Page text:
Physiology Friday is a monthly column by UWO PhD candidate Katie Marshall and will feature new Canadian research on insect physiology.
Nitric oxide (NO) is usually overshadowed in fame by its more famous cousin laughing gas, but it’s difficult to think of many simple molecules that have such a variety of important biological functions. While NO only lasts a few seconds in the free gaseous state in the blood, it has been implicated in processes that involve everything from immune function to neurotransmission. One important role for NO is in the cardiac system, where it functions as a vasodilator and in vertebrates it slows heart rate, while in insects it has the opposite effect.
Most of the research about the physiological functions of NO has focused on vertebrates, but recent work published in the journal of Cellular Signalling by graduate student Sara da Silva and her postdoctoral fellow mentor Rosa da Silva in the lab of Angela Lange (University of Toronto Mississauga), has shown that, unlike other insects, the Vietnamese stick insect Baculum extradentatum can respond to NO like a vertebrate.
“Our initial research interests in cardiac physiology were influenced by earlier work indicating that stick insect hearts are innervated and can be modulated by endogenous chemicals [like NO],” says study director and University of Toronto Biology professor Angela Lange. “It is for this reason that we chose this understudied organism, which contains a simplified cardiovascular system that can be considered a model for work on other cardiac systems.”
The researchers first attempted to find the natural source of NO in the stick insect by removing hemolymph (blood) samples and staining for the presence of an enzyme that produces NO. Then they examined the effects of NO on heart rate by dissecting the dorsal vessel out and maintaining it in a Petri dish with physiological saline. They could measure heart rate through the placement of electrodes on either side of the dissected heart, and monitor the effects of various chemicals on the cardiac activity of the stick insect. They also could examine whether heart rate was mediated by the central nervous system by leaving the nervous system attached or not.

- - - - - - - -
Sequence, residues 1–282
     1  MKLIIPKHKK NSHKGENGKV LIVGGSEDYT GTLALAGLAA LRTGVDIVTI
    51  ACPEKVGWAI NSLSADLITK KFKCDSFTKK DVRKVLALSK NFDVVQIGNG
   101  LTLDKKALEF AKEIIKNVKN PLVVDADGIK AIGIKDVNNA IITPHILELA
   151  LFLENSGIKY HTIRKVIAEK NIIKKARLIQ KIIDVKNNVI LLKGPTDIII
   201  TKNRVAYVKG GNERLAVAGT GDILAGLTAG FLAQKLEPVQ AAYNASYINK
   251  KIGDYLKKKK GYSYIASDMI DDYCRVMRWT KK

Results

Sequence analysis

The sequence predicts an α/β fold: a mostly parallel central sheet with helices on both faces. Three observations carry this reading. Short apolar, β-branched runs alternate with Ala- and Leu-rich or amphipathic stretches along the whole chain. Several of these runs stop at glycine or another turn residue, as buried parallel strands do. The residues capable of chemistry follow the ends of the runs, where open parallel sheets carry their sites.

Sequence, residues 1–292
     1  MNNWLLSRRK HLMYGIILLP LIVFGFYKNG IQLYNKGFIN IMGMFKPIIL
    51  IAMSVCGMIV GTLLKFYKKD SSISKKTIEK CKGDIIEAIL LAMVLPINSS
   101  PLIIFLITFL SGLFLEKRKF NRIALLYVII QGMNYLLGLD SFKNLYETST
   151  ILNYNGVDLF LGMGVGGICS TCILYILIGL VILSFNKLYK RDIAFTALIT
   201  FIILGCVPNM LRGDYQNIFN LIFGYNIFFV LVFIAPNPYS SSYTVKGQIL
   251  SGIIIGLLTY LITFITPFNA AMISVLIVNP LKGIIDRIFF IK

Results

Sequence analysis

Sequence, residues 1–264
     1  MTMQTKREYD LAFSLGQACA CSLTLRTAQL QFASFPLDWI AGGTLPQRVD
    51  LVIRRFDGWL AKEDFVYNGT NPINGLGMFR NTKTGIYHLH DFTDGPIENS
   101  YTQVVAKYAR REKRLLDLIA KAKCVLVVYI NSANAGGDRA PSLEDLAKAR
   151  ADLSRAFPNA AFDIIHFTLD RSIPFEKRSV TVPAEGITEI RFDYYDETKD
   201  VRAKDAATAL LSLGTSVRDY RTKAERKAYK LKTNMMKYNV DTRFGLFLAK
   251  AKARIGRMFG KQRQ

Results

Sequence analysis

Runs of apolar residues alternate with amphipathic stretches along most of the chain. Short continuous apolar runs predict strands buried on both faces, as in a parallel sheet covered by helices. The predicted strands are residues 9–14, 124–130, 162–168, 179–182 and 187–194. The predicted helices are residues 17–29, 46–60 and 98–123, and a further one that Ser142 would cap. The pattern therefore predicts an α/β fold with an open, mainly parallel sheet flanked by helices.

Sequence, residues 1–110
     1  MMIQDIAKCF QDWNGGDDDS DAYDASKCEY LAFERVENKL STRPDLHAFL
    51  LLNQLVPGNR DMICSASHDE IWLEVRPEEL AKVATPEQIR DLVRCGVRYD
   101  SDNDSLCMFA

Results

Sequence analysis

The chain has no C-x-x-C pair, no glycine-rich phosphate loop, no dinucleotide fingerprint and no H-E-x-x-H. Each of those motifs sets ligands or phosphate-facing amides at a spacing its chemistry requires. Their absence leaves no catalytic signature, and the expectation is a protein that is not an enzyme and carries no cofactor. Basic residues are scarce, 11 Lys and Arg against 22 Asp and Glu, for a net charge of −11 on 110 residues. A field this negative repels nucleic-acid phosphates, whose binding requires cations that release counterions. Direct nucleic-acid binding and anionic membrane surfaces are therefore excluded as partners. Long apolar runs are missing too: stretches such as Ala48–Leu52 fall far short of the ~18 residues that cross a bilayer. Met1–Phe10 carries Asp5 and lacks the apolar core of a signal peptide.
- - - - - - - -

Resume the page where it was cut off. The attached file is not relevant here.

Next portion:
They found that the hemocytes (blood cells) of the stick insect were producing an enzyme that was similar to the enzyme other animals use to produce NO. In addition, the more of a chemical called MAHMA-NONOate (which produces NO) they added, the slower the stick insect hearts beat. This surprising effect was completely opposite to what had been found in other insects and was more like the response of the vertebrate heart.
“Insects have evolved different strategies depending upon life history, and have co-opted different messenger systems for this success,” says study author da Silva. “We need to understand the full ecology of all species to finally appreciate the factors involved.”
Using the same setup, they also tested other components of a system of compounds that they thought might be involved in the pathway that produces NO that leads to decreased heart rate in B. extradentatum. They believe that NO is produced in the hemocytes, travels to the wall of the heart, and then leads to the production of a messenger molecule that decreases heart rate.
“This study further emphasizes the evolutionary links between the physiological processes of vertebrate and invertebrate systems,” says da Silva. “Our findings suggest that signaling molecules (such as NO) common to both types of organisms can have similar effects on cardiac activity. These novel findings demonstrate that the study of vertebrate systems can be complemented with studies in model invertebrate organisms.”
da Silva, R., da Silva, S.R. & Lange, A.B. (2012). The regulation of cardiac activity by nitric oxide (NO) in the Vietnamese stick insect, Baculum extradentatum, Cellular Signalling, 24 (6) 1350. DOI: 10.1016/j.cellsig.2012.01.010
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